Rocky Mountain (56th Annual) and Cordilleran (100th Annual) Joint Meeting (May 3–5, 2004)

Paper No. 6
Presentation Time: 10:20 AM


MESCHTER MCDOWELL, Susanne M., Geological Sciences, Univ of North Carolina-Chapel Hill, Campus Box #3315, Mitchell Hall, Room 107, Chapel Hill, NC 27599, COLEMAN, Drew S., Department of Geological Sciences, Univ of North Carolina, CB# 3315, Chapel Hill, NC 27599 and GEISSMAN, John W., Department of Earth and Planetary Sciences, Univ of New Mexico, Northrop Hall, Albuquerque, NM 87131,

Field, structural, and petrographic studies suggest that the west-central portion of the 18 Ma Mineral Mountains batholith in southwestern Utah was emplaced as a sheet complex that developed via incremental injection of compositionally diverse magmas. The sheet complex extends laterally for 14 km parallel to the north-south trending margin of the pluton and occupies an ~2 km-thick section between Precambrian basement rocks to the west and homogeneous granite to the east. Its northern exposures consist of Miocene-age screens of gabbro, diorite, and coarse- and fine-grained granite that vary in thickness from <1 to >800 m. Contacts dip to the east 45-70º and range from gradational to sharp, with the sharpest contacts located at mafic/felsic and fine-/coarse-grained boundaries. Gradational contacts often display evidence for physical mixing of granite and hornblende-rich gabbro. Its southern exposures consist of 100-400 m-thick swaths of foliated hornblende granodiorite and coarse- and fine-grained granite (all of Miocene age) that separate thinner screens of Precambrian gneiss and schist. Foliation in both the Precambrian metamorphic rocks and hornblende granodiorite dips 45-70º to the east.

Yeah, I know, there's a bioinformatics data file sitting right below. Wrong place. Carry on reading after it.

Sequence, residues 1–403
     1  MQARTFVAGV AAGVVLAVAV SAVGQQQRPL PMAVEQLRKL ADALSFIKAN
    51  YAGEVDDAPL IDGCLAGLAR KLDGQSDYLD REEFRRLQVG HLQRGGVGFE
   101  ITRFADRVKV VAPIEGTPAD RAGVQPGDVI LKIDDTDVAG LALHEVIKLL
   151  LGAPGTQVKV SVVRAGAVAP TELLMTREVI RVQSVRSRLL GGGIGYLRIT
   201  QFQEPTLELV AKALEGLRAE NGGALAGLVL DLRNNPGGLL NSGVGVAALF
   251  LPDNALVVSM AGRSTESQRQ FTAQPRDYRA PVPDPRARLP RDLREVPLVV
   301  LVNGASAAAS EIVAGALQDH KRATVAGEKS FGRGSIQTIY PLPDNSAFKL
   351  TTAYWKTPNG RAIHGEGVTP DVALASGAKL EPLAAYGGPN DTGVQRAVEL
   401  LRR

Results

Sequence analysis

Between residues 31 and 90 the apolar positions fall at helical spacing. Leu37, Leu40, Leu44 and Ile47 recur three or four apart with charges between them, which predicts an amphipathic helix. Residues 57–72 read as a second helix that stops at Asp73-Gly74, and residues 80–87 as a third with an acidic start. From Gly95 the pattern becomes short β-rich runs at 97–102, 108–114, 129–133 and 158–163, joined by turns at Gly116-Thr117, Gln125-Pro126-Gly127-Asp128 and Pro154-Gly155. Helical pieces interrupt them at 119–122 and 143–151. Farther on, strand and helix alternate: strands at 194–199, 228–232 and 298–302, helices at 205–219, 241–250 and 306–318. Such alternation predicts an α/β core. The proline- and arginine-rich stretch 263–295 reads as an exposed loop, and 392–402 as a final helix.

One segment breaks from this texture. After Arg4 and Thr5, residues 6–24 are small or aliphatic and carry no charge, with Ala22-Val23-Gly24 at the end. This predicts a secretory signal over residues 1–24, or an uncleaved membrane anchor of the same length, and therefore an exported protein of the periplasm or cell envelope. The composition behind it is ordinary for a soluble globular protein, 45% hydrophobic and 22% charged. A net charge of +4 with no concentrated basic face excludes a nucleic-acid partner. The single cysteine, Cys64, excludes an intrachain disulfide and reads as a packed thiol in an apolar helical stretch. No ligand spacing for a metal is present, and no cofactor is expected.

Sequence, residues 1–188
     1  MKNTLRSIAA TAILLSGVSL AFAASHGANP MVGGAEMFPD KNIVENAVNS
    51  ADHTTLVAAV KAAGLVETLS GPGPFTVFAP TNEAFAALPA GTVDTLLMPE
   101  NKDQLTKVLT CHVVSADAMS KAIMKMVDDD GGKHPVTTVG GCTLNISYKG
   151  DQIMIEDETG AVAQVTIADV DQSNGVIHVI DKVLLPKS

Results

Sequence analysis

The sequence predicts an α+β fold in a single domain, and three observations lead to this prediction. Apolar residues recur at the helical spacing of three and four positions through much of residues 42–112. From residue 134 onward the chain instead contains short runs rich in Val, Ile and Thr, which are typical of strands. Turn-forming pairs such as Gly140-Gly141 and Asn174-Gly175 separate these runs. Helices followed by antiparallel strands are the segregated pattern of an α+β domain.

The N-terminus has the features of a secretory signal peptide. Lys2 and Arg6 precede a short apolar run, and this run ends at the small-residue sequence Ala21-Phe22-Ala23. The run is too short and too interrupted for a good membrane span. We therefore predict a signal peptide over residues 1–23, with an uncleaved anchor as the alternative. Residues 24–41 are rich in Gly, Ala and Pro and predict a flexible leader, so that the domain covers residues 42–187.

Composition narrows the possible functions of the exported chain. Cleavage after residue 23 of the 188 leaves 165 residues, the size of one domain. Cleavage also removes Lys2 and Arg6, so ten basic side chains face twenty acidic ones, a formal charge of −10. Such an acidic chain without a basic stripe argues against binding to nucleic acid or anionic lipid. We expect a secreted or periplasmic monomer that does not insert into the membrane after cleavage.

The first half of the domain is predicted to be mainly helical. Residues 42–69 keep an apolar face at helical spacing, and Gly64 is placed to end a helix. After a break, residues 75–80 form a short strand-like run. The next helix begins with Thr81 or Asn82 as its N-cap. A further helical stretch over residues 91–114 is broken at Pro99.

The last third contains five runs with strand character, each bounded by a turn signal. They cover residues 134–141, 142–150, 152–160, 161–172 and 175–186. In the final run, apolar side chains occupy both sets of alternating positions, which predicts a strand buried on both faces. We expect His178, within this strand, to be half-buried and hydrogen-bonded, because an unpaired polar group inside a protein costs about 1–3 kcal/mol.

The uniformity of foliation and sheet orientation across the field area, along with the presence of distinct sheet boundaries, indicate that: 1) the intrusive sheets were likely emplaced either as parallel dikes or as horizontal layers that were subsequently tilted, 2) a direct relationship may exist between sheet orientations and gneiss/granodiorite foliations (i.e., foliation in the Precambrian rocks is pre-Miocene and served as planes of weakness along which sheets intruded, or the foliation is Miocene and reflects synintrusive strain), and 3) at least the western portion of the pluton was emplaced via the intrusion of small magma pulses, implying that the active fractionating/mixing magma chamber was likely not as large as the current pluton. Ongoing paleomagnetic and geochronological studies will test whether the western margin of the pluton is tilted and discern the time period over which the sheet complex grew.